Early Sunday morning Fathers Lev and Maximos from St. John the Wonderworker parish in Des Moines, Iowa, and two ordinands joined us. By 9:30 AM the church was nearly full, and soon after it was completely full with an overflow into the parish hall. Metropolitan Hilarion was greeted at the door with bread and salt. He then kissed a crucifix, aspersed himself with holy water and then aspersed the clergy and the faithful according to the ancient Rite of Receiving a Bishop at the Door. We then processed to the sanctuary for Solemn Matins. At both Vespers on Saturday evening and Matins on Sunday morning the Ordinary and the Psalms and Canticles were all chanted according to Gregorian chant tones. During Matins one man from Holy Cross and one from St. John the Wonderworker were clothed in the cassock, tonsured and ordained Reader.

After Matins we vested for the Solemn Liturgy of the Holy Eucharist. The long procession of our Schola Cantorum, two visiting priests, three ordinands, the ministers serving at the altar, the Celebrant, and the Metropolitan wound through the church while the Processional Hymn, St. Patrick’s Breastplate (I Bind Unto Myself Today) was sung. It was a missa coram episcopo, and Metropolitan Hilarion served beautifully. You would have thought he was a Western Rite bishop!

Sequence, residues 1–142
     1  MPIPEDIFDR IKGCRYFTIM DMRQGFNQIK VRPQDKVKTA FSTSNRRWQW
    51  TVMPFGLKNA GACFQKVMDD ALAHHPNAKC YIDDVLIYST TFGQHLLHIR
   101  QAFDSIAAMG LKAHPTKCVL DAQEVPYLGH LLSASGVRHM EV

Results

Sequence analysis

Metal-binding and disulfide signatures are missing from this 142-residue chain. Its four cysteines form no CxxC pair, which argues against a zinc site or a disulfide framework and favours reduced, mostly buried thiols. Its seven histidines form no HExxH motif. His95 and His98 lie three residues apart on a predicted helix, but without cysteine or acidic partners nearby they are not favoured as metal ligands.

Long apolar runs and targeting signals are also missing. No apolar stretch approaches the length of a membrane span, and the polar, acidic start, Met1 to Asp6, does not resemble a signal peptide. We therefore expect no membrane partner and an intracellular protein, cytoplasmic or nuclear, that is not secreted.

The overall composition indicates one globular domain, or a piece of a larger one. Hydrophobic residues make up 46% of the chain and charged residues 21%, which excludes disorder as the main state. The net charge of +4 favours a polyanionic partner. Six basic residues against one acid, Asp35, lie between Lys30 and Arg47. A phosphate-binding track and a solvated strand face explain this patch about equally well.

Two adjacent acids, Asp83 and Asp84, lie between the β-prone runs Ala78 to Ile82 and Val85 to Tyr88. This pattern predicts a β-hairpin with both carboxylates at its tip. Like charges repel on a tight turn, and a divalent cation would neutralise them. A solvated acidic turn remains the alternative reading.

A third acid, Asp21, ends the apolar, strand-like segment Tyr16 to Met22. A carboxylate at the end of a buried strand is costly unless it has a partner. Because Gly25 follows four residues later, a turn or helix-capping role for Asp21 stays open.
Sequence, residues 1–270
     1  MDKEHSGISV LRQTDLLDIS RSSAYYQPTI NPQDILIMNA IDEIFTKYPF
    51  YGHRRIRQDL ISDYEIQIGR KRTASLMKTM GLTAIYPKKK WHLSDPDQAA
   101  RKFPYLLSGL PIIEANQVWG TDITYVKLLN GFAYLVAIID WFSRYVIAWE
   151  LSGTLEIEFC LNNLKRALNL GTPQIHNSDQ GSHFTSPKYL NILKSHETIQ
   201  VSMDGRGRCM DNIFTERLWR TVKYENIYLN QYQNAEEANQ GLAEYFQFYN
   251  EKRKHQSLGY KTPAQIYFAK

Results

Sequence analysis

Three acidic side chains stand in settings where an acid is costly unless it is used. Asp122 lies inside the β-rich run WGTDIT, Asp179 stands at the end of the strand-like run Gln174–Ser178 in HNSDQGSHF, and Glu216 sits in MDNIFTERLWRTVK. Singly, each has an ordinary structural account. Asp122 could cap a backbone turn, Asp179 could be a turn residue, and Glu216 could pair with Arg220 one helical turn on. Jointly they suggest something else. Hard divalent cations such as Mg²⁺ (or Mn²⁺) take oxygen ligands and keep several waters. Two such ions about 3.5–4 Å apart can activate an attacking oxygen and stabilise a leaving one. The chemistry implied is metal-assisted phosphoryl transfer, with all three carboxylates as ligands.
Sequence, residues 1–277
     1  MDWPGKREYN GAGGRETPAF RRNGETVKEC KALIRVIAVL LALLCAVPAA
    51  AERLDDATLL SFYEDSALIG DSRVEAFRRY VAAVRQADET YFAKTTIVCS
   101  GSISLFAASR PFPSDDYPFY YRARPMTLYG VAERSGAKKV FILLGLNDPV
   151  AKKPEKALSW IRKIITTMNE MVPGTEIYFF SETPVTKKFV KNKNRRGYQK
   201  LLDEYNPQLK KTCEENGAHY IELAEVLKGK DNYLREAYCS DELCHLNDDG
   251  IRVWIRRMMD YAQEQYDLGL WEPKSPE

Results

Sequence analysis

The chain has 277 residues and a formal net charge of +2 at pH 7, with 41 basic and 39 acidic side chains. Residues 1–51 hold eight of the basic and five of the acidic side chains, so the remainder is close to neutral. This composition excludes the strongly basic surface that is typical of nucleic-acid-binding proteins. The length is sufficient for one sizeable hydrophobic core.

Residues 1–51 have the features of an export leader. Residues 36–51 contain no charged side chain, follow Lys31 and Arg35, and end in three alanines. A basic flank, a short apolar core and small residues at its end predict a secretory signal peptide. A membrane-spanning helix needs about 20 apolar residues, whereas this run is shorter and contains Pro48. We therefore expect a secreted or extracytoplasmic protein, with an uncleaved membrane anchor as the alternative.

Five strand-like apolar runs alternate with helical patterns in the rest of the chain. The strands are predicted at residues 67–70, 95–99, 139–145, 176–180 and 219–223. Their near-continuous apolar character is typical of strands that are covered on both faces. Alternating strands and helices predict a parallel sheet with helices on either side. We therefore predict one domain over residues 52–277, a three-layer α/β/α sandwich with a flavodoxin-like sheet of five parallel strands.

As usual, all of the minor propers of the Mass: the Introit, Gradual and Alleluia, Offertory verse and Communion verse were chanted to Gregorian chant tones. The music for the Ordinary was Merbecke. After the Collect of the day one Reader from Holy Cross and two from St. John of San Francisco were ordained to the Subdiaconate.